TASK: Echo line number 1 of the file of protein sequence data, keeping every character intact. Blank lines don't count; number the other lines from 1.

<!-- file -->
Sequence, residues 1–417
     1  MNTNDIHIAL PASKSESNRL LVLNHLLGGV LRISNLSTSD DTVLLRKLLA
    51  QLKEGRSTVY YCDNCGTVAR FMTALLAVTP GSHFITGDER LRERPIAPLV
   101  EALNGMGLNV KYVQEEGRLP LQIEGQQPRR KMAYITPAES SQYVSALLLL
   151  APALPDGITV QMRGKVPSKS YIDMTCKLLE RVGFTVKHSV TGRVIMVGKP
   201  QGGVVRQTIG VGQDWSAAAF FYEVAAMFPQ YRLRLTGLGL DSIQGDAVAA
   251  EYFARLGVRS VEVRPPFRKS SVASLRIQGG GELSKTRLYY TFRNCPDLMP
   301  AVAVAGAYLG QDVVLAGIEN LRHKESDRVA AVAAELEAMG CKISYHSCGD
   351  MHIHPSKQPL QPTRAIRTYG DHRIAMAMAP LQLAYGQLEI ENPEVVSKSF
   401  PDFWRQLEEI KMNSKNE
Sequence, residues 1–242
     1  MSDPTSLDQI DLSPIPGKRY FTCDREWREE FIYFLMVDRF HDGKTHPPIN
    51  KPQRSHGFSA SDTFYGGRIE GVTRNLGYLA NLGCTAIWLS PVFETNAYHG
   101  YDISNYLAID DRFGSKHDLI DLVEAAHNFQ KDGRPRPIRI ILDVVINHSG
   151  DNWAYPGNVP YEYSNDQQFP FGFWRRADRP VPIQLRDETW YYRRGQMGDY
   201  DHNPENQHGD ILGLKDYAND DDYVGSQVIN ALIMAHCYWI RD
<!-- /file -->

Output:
Sequence, residues 1–417